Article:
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I am quite new to Probabilistic Graphical Model (PGMs)

As I am reading about it, the theory starts with a set of random variables and its joint probability distribution. But nobody talks about underlying common sample space over which these variables are defined and nature of experiment we are performing. It may not matter as far as using PGMs to solve problems are concerned (or perhaps it does!!).

The question is as follows. I don't even know if it makes sense.

  1. What is underlying common sample space for these random variables.
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PGMs provide a framework for reasoning about multivariate probability distributions in a manner that is both conceptually and computationally convenient. Your question, however, is not intrinsically tied to PGMs, but rather about multivariate distributions in general. Since PGMs are an abstract framework, there is no need to explicitly refer to any particular underlying sample space in developing their theory.

Nevertheless, here is an example illustrating the general concept of a random vector. Consider the experiment of flipping two coins and rolling a die. We can define the sample space to be the set of ordered triples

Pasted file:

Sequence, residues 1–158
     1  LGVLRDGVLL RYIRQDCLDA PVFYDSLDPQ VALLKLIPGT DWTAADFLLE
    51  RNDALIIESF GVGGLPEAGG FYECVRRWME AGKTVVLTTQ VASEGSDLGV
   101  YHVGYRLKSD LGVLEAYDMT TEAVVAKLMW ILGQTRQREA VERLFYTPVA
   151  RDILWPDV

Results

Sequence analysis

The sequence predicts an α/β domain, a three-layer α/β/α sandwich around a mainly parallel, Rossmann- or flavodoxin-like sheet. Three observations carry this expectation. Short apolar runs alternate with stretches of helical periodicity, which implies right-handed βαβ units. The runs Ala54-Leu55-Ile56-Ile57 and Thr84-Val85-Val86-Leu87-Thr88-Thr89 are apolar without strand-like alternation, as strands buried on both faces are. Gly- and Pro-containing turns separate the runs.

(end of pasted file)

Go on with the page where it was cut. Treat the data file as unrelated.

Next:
$$\Omega = \{(c_1, c_2, d): c_1, c_2 \in \{0,1\}, d \in \{1,\dots, 6\}\}, $$

where 1 represents flipping a head for $c_1$ and $c_2$. Let $X$ be the random variable denoting the number of heads flipped and let $Y$ be the random variable denoting the outcome of the die roll. Then $X$ and $Y$ are both functions that assign a non-negative integer to each outcome in $\Omega$. For example, $X(1,1,3) = 2$ and $Y(1,1,3) = 3$. If we assume that the two flips and the roll are independent and that the coin and the die are fair, then the multivariate distribution over the random vector $(X,Y)$ would be such that $P(X = 2, Y = 3) = 1/24$. The graphical model for this system would be fairly boring: it would consist of two nodes (one for each r.v.) and no edges.

If we don't assume the coin is fair, we can model the probability of heads $\theta$ as a random variable itself, which (assuming we're working with a Bayesian network) would be its own node with a directed edge into the node for $X$.

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  • $\begingroup$ So we are taking cartesian product of individual sample spaces. $\endgroup$
    – user634615
    Jul 4 '17 at 7:41
  • $\begingroup$ Yes, in general when you have a probability experiment that consists of several stages, the sample space for the whole experiment is the product of the sample spaces for each of the stages. $\endgroup$
    – tddevlin
    Jul 5 '17 at 12:30

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